As part of FII’s Meet the Team series, we are featuring former and current employees who have worked with or are working with us currently since the inception of FII. Feminism in India as a digital intersectional feminist media platform would not exist if not for these incredible individuals who have helped build this organisation to make what it is today.
Today, we’re chatting with Saloni Sisodiya, who is the Digital Editor at FII Hindi. Saloni comes from Indore, a city located in Madhya Pradesh. She has done her masters in Electronic Media from Educational Multimedia Research Centre, DAVV. Saloni has a passion for music, movies, traveling, and capturing portraits. She is very particular when it comes to cleaning, her weekends are usually spent tidying up her room. She believes she is not an extrovert but once she feels comfortable around someone, she can talk for hours! She is quite emotional but covers her feelings up with her quirky sense of humor.
FII: What do you like most about being a part of the FII family?
Saloni: I appreciate the diversity of backgrounds among FII team members, as it provides a great opportunity to learn from each other. Everyone brings their unique perspective, I am not limited to just one point of view.
FII: What advice would you give someone joining the organization?
Saloni: It’s important to acknowledge that feeling overwhelmed is a normal part of the learning process. At FII, we unlearn certain things before learning new ones. My advice would be to take all the time and not feel pressured to rush the learning journey.
FII: How would your colleagues describe you?
Saloni: They would describe me as humorous, witty, and someone who speaks her mind without any filter, “Haha, Saloni kitni funny hai (Saloni is so funny)!“
FII: Which fictional character do you identify with and why?
Saloni: I relate with Kiara from ‘Dear Zindagi’ and Aisha from ‘Wake Up Sid’. Kiara, a woman in her 20s, is dealing with various emotions and anxieties while figuring out her life. On the other hand, Aisha is seeking independence. I see a bit of myself in both of these characters.
FII: What is something that you’re tired of hearing?
Saloni: “Tumhari job kitni CHILL hai, content banao, hum to din bhar ghuse rehte hain laptop me” and “Tum wahi feminist ho na jo har baat par halla karte hain.”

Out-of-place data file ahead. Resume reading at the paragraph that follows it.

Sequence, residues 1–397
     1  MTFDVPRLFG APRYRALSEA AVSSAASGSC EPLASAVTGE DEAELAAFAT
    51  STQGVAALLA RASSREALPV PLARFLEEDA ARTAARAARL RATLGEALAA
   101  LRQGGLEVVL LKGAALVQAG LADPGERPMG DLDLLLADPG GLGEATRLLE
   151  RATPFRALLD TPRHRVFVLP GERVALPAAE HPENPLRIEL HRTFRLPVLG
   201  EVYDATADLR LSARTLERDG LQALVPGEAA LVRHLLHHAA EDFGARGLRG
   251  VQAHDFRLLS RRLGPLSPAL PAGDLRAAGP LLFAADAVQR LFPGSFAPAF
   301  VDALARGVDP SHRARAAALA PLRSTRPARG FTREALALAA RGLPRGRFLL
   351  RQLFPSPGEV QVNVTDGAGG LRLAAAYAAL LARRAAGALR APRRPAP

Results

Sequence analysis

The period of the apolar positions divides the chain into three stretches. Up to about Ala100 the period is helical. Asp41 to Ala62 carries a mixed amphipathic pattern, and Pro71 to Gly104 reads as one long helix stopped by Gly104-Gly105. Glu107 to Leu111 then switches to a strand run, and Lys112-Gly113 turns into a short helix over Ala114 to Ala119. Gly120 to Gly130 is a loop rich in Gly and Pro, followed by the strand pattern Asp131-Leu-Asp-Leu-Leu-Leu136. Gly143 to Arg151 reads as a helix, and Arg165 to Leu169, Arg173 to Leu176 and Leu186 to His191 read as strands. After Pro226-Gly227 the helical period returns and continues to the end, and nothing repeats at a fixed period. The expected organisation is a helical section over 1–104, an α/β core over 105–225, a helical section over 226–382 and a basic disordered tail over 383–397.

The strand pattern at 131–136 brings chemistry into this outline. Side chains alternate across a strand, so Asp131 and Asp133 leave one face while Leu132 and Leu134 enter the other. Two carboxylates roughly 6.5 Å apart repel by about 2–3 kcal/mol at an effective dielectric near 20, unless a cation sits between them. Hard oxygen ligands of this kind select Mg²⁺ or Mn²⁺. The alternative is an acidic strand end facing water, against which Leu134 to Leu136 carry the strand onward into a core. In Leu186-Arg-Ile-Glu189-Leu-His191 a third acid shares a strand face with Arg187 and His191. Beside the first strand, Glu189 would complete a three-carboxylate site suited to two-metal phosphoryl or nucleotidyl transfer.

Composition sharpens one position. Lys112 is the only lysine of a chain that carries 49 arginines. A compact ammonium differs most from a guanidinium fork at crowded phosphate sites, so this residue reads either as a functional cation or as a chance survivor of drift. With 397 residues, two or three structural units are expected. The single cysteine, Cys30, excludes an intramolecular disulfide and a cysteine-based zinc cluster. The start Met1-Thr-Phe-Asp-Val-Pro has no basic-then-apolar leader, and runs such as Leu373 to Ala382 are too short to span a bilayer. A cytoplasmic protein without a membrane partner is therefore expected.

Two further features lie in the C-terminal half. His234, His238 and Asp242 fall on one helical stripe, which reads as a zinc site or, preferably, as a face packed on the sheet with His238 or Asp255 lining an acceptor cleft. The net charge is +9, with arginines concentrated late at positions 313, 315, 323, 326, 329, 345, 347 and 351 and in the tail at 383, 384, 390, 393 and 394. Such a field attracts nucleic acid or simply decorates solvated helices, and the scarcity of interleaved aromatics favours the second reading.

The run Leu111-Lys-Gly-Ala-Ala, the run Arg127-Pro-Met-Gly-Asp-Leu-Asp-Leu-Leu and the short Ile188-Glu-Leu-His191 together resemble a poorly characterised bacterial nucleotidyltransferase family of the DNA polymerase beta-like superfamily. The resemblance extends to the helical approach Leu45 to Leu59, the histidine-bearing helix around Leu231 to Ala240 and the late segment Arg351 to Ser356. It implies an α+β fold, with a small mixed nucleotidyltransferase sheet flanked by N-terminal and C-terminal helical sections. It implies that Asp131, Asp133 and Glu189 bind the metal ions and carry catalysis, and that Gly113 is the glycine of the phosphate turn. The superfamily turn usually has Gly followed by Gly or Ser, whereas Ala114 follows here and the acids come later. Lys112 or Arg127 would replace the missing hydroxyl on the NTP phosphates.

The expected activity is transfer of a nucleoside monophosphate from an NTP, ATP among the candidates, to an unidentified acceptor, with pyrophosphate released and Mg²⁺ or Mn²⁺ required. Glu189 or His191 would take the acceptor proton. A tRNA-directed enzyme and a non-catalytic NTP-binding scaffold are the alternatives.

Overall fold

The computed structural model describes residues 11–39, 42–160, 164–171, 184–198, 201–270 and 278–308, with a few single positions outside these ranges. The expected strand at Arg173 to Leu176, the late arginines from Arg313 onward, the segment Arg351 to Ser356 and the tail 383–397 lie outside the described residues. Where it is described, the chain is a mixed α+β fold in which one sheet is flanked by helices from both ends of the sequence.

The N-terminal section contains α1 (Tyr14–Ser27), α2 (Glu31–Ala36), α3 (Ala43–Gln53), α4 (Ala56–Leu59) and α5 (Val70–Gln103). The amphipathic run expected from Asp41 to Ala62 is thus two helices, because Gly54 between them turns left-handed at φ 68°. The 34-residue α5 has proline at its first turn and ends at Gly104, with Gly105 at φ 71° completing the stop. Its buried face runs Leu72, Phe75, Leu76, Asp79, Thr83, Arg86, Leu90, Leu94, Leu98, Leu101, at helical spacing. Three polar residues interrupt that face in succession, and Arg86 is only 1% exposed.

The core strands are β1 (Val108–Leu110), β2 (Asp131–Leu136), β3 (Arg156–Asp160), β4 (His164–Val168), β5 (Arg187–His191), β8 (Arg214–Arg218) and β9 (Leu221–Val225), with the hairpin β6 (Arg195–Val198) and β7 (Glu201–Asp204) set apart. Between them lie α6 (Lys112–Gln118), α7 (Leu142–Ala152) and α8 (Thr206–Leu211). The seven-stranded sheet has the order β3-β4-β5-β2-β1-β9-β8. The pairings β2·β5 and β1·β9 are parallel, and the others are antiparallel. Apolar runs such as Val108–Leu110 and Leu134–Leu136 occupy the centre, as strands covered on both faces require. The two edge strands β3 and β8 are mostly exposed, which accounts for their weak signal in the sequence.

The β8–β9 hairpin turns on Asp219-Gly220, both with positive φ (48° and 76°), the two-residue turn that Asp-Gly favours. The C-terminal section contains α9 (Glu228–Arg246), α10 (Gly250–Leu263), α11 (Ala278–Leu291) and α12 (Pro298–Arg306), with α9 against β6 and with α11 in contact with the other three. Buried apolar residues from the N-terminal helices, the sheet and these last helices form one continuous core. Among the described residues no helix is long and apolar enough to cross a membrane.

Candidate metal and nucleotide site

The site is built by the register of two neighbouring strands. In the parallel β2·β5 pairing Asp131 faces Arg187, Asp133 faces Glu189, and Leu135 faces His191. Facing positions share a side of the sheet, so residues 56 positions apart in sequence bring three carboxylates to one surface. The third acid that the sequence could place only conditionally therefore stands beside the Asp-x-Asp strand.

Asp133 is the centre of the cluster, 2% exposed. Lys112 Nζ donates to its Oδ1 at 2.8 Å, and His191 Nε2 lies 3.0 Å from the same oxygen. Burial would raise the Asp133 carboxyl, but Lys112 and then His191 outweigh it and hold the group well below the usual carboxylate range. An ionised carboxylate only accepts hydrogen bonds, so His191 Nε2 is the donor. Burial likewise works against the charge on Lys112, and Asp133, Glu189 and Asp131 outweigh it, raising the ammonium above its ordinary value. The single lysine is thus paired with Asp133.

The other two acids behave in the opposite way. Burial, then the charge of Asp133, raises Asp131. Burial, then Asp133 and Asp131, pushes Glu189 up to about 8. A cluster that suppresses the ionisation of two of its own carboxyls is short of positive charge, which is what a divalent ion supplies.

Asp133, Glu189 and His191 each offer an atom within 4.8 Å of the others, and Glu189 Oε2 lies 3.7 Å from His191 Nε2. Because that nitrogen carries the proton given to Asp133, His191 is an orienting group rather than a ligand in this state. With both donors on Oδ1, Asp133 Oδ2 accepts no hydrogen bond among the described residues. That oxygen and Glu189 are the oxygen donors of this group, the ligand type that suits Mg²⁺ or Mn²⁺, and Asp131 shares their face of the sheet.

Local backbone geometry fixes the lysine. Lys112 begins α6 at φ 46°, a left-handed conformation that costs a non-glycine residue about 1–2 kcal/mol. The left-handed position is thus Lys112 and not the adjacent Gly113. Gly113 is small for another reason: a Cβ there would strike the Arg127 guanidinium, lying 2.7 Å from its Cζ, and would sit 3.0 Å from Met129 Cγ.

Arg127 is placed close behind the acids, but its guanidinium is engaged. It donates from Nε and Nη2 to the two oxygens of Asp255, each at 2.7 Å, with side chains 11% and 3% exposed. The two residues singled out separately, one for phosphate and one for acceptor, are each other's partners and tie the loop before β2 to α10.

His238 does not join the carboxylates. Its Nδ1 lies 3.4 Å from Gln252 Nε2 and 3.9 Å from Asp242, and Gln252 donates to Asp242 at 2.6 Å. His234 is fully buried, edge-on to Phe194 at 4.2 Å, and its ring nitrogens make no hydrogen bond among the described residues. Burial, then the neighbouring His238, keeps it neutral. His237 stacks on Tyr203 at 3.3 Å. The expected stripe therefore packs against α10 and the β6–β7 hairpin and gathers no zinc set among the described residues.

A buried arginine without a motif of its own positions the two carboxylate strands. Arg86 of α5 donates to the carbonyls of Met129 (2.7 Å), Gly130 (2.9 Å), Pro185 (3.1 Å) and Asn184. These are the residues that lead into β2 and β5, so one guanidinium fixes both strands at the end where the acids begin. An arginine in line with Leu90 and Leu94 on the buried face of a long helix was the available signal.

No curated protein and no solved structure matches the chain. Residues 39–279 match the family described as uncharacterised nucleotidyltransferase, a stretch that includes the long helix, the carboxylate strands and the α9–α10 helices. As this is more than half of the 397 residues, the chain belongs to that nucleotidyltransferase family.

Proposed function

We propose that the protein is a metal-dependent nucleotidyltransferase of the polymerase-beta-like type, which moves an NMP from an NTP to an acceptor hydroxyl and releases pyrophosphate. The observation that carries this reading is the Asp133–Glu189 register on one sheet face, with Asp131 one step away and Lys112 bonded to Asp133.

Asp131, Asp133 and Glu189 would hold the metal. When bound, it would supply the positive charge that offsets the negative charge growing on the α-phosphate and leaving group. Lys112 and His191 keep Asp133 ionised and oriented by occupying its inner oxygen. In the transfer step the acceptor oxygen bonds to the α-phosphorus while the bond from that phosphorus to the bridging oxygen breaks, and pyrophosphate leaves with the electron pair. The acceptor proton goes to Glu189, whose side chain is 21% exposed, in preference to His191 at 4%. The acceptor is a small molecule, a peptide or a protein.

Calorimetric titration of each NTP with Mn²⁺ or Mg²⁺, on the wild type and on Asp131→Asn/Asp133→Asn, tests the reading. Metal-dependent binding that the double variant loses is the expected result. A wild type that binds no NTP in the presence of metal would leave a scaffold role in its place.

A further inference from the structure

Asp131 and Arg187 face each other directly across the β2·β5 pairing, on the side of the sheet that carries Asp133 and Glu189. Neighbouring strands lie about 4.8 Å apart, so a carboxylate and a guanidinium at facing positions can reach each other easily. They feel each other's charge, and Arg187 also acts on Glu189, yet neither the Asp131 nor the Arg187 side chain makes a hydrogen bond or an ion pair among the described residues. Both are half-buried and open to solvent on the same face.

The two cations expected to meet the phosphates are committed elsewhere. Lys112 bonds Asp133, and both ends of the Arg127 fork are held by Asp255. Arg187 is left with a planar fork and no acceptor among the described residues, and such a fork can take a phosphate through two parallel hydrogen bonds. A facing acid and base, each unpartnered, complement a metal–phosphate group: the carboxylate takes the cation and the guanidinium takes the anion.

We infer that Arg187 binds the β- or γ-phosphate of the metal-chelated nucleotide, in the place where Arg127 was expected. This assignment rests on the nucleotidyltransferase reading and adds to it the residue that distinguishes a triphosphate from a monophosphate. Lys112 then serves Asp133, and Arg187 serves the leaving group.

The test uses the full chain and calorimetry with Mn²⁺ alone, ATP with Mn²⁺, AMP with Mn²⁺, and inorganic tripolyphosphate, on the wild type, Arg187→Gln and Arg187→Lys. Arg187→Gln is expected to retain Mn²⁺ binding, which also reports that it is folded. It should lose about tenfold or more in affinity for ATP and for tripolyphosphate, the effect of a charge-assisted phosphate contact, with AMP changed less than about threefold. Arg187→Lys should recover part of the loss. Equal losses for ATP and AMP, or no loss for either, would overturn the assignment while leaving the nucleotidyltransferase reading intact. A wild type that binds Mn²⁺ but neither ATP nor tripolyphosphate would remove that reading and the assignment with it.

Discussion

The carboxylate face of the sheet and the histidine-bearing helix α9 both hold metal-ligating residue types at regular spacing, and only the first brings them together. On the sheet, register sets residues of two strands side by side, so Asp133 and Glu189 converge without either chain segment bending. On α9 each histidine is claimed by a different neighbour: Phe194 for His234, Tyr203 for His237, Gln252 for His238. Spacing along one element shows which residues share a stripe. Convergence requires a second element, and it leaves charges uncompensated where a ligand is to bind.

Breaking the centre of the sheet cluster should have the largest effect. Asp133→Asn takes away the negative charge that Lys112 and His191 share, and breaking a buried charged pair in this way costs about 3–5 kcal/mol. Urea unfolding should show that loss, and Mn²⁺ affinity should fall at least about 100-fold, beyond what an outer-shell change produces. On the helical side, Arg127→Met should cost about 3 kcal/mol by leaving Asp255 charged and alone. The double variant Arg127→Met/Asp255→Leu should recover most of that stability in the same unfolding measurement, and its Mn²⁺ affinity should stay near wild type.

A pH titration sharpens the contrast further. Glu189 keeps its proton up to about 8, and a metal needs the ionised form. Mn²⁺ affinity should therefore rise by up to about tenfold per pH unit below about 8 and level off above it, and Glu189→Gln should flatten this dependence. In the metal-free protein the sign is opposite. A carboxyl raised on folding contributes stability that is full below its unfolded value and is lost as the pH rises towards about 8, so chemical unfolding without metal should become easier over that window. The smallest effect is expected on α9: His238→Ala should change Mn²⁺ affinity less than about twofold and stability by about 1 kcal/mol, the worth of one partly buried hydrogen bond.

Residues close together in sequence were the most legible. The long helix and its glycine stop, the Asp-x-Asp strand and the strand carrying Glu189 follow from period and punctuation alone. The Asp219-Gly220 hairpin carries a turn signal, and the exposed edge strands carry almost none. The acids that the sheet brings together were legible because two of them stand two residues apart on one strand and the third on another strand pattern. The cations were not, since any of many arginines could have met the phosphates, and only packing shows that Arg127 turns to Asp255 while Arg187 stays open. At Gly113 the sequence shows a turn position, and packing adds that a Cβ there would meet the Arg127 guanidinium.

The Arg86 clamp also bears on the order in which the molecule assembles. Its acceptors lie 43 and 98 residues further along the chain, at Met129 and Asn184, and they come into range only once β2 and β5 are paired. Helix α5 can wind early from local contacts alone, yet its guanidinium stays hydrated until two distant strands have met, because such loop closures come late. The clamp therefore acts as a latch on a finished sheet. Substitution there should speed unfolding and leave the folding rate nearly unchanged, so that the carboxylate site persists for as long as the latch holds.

FII: Which feminist movement do you feel particularly passionate about and why?
Saloni: I think it would be the Farmers’ protest. More than 70% of rural Indian women are directly engaged in agriculture, but their hard work goes unnoticed. Even in schools and textbooks, we are taught that a farmer is always a man. This protest was led by women who came forward and took a stand. It highlighted the struggles of women farmers who faced multiple forms of discrimination based on their gender, caste, and economic status.
FII: What makes FII a ‘feminist’ organisation?
Saloni: FII provides us with an inclusive platform, it gives us liberty to discuss topics that we may not be able to address with other media organizations, or even with friends, or family.
FII: What’s the most fun thing about your job?
Saloni: I have full control over the videos I make, and I create content about anything and everything that bothers me in a patriarchal setup.
FII: Do you remember when and why you decided to work at a feminist organisation?
Saloni: I was not happy with the work I was doing earlier and I was looking for an organisation which shared the same principles and I wanted to create something meaningful. I eventually found that opportunity here at FII. Although it wasn’t an easy transition and there were many things going on at the time, I’m glad it happened.
FII: If you had a talk show, which feminist icon would you call and what would you ask them?
Saloni: I can’t think of any one feminist icon, I would love to have a discussion with filmmakers, actors, DOPs, and editors such as Aparna Sen, Gauri Shinde, Onir, Nandita Das, Tillotama Shome, Vidya Balan, and Arti Gupta. During this discussion, I would ask them about their work and experiences dealing with sexism and gender bias within the film industry, including their working conditions. Chai par charcha kar sakte hain, low budget ‘Koffee with Karan’.
FII thanks Saloni for her timely and valuable contribution to the organisation. We are incredibly grateful to have her as a part of our team and appreciate her for her deeply insightful work. She can be followed on Instagram.